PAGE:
Republicans have been harvesting Southern votes for decades from seeds strategically planted during the civil rights era. When Lyndon B. Johnson predicted in 1965 that the Voting Rights Act meant the South would go Republican for the next 50 years, he wasn't just whistling Dixie.

A telling anecdote recounted by Pat Buchanan to New Yorker writer George Packer last year captures the dark spirit that still hovers around the GOP. In 1966 Buchanan and Richard Nixon were at the Wade Hampton Hotel in Columbia, S.C., where Nixon worked a crowd into a frenzy: "Buchanan recalls that the room was full of sweat, cigar smoke, and rage; the rhetoric, which was about patriotism and law and order, 'burned the paint off the walls.' As they left the hotel, Nixon said, 'This is the future of this Party, right here in the South.' "

That same rage was on display again in the fall of 2008, but this time the frenzy was stimulated by a pretty gal with a mocking little wink. Sarah Palin may not have realized what she was doing, but Southerners weaned on Harper Lee heard the dog whistle.

The curious Republican campaign of 2008 may have galvanized a conservative Southern base -- including many who were mostly concerned with the direction Democrats would take the country -- but it also repelled others who simply bolted and ran the other way. Whatever legitimate concerns the GOP may historically have represented were suddenly overshadowed by a sense of a resurgent Old South and all the attendant pathologies of festering hate and fear.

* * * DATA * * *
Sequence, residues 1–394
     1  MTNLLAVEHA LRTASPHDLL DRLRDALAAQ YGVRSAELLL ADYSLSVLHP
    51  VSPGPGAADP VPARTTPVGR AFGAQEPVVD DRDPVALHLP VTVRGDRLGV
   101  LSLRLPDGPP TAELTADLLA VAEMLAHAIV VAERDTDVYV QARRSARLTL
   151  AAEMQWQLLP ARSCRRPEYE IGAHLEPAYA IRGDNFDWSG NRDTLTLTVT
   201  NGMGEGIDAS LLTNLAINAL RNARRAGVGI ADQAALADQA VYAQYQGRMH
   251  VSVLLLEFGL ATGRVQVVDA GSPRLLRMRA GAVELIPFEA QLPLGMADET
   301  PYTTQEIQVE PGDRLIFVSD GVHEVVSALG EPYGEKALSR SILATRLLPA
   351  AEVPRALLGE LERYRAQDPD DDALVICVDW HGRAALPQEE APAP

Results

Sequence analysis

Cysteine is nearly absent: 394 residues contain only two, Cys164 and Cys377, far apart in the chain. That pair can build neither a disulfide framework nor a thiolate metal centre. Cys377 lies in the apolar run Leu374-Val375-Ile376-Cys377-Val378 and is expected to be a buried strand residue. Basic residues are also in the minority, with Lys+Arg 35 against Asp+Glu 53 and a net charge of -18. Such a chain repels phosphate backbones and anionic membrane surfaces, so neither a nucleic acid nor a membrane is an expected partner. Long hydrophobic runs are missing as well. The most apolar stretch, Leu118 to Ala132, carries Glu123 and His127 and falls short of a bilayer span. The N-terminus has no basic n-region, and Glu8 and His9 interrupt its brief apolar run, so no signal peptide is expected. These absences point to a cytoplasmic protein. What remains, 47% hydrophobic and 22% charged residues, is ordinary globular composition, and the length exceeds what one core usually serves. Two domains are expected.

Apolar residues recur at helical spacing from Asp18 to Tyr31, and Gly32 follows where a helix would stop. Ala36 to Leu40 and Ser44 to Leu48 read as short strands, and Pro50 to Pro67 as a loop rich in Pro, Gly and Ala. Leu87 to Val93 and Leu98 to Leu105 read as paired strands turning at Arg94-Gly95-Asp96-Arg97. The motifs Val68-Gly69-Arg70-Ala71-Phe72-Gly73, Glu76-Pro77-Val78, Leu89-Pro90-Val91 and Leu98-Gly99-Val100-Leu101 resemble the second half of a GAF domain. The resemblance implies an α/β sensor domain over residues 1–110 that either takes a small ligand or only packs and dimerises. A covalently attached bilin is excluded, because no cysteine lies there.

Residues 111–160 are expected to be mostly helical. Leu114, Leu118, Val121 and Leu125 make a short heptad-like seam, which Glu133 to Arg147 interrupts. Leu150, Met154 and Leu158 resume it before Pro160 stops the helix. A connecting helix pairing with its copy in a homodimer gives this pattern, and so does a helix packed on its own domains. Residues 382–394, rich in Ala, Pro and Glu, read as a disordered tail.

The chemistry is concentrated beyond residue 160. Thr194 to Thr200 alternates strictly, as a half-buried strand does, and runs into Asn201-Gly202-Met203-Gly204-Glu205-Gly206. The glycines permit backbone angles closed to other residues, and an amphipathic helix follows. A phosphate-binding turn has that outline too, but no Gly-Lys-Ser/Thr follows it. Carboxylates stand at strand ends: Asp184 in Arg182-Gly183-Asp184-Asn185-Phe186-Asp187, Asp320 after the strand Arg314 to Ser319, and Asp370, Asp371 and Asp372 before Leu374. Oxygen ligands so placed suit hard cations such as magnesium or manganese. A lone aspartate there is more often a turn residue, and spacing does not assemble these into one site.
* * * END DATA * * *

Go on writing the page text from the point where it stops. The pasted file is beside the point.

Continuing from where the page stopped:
What the GOP is experiencing now, one hopes, are the death throes of that 50-year spell that Johnson foretold. But before the party of the Great Emancipator can rise again, Republicans will have to face their inner Voinovich and drive a stake through the heart of old Dixie. "

Monday, August 10, 2009

White House Introduces 'Healthcare Myth' Fact Check Website

The White House is introducing a new health care website section today that “debunks some common myths” and provides visitors “with online tools and content to share the facts with friends, family and anyone else in your social network.” Click here.

House Speaker Nancy Pelosi (D-CA) and House Majority Leader Steny Hoyer (D-MD) write in a USA Today op-ed, condemn the “ugly campaign” this August to “to disrupt public meetings and prevent members of Congress and constituents from conducting a civil dialogue.” “Drowning out opposing views is simply un-American,” write the two House leaders.

Jon Stewart took on these town hall uprisings and their leaders in two segments, the first focusing on the media hypocrisy over the coverage of these events, and the second mocking the "death panel" debate.

Sunday, August 9, 2009

Last Public Hearing On Implementing Voting Centers

Updated: Monday August 10, 2009 @ 11:15PM - see bold text in box below.
Dr. Robert M. Stein of Rice University in Houston spoke to the Site Selection Committee for over an hour during the committee's August 6th meeting. Dr. Stein, a Lena Gohlman Fox Professor of Political Science at Rice University, is an expert on urban politics, elections, voting behavior and public policy.
Final Meeting
of the
County Wide
Election Day
Polling Place
Site Selection Committee
Monday, Aug. 10, 2009
Collin College
Preston Ridge Campus
Founders Hall
Shawnee Room F–148
9700 Wade Blvd,
Frisco, TX

  1. Public Comments
  2. Final Report on
    Proposed Election
    Day Locations